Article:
Jean Farmer, executive director of the Northeast Community Center Association, says the clinic opened up in 2011 to serve as a safety net after Community Health Association of Spokane, another community health group, moved away.
"When we built that building, it was done to expand medical access," she says. "The 99207 zip code had 19,000 medically uninsured people."
Now, she says, more people have insurance as a result of the Affordable Care Act. But that hasn't solved all the problems.
"The biggest challenge, from my perspective, is we struggle to meet the need," says Nevala. "I wouldn't say it's just in this clinic... but particularly in these neighborhoods, it's pretty substantial."
'PROUD AND INDEPENDENT'
In 1968, Gerald Madren, a former Spokane County Republican chairman bristling at Hillyard's designation as a "ghetto," "slum" and "poverty area," called for city leaders to put a proposed housing authority to a public vote.
"We admit to being economically poorer than the average of people in some other areas of the city," he said in the Spokane Daily Chronicle, pointing out that many residents were skilled industrial workers and actively involved in their neighborhood's civic life. "But we, nevertheless, are proud and independent. We would lay claim to superior handling of the resources we possess. We also lay claim to as large a portion of the economic and social life of the city as any area."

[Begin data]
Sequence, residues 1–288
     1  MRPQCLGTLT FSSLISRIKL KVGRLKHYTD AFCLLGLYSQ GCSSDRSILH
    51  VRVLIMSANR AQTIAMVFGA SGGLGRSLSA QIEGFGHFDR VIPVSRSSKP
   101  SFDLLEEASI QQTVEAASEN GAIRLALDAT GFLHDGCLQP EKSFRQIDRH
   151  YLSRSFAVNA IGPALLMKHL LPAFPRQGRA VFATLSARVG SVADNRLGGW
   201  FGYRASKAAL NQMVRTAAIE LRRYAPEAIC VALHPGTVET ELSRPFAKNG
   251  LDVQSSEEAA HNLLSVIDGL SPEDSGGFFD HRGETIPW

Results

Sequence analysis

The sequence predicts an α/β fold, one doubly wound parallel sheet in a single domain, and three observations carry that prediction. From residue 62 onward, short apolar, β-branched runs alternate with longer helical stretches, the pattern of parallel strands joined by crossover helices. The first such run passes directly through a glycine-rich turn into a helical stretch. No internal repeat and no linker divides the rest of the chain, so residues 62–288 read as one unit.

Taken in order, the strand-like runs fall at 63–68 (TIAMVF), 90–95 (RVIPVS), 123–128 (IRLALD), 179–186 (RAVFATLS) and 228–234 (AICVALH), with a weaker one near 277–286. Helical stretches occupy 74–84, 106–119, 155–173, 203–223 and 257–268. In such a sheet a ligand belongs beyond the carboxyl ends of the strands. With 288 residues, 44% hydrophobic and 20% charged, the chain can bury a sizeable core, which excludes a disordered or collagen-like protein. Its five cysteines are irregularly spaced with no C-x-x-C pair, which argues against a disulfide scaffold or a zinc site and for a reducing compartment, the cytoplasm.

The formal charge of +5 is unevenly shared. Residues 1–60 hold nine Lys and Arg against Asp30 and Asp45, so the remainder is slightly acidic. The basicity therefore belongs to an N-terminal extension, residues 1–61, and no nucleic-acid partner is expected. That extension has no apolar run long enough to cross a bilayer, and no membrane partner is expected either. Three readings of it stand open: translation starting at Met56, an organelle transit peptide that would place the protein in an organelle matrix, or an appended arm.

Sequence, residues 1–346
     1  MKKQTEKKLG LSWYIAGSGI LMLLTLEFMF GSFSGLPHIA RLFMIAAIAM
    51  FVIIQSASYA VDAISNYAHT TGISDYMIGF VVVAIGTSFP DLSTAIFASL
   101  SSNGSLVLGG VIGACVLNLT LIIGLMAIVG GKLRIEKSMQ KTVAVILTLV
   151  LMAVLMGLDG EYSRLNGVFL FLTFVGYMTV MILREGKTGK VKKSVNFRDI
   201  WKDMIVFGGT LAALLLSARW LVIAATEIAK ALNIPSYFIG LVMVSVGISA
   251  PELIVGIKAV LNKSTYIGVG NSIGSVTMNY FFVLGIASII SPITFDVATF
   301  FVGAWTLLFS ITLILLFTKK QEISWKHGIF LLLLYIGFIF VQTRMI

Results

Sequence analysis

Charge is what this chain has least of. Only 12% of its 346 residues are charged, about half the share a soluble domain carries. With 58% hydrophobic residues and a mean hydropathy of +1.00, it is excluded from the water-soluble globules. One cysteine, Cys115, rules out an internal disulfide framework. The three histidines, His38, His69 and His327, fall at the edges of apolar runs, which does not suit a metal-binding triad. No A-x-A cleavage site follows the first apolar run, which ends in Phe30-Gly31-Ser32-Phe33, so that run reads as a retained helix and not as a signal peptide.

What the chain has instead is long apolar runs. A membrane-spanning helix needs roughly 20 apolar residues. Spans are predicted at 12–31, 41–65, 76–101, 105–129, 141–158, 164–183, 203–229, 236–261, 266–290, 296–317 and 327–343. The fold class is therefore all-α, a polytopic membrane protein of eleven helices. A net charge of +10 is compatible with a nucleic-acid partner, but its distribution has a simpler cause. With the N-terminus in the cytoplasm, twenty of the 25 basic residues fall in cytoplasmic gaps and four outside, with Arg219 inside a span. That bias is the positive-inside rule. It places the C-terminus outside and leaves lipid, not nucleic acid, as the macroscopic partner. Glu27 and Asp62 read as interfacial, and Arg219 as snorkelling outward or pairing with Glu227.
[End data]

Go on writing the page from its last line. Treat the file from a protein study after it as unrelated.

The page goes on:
FROM INDIA TO SPOKANE
For the four nuns who live in a house on Lacey Street, where a statue of the Virgin Mary overlooks a flower bed, the day begins at 4:15 am. Morning prayers are held at 5. Then there are chores, including hand-washing the saris that were made by leprosy patients in India. After mass and breakfast, the nuns, wearing the white habits and blue-bordered saris that have become hallmarks of their famous order, begin their work seeking to alleviate not just the material but the "spiritual poverty" in Hillyard.
Ten years ago, the Catholic Church decided to set up in Hillyard a branch of the Missionaries of Charity, an order founded by Mother Teresa, who became an icon for her work with India's poorest.
Although the order draws its members from all over the world, the nuns at Spokane's branch are, at the moment, all from India. In a room, near the door is a statue of Mother Teresa, which the nuns affectionately refer to as "mother." In the statue's arms are pictures of sick children, which have been placed there in hopes of speeding their recovery.
The nuns provide shelter for five homeless women and also hold Bible camps for kids. Most days, the nuns knock on doors. Some people who answer the doors have left the church and aren't happy to see the nuns. Some listen and come back to the church. The nuns also regularly visit shut-ins and help with cleaning and provide some much-needed company.
"Sometimes they are depressed and live alone and no longer see the light," says Sister Rosalie, who oversees the branch. "We are not there to convert. Only God can convert them." ♦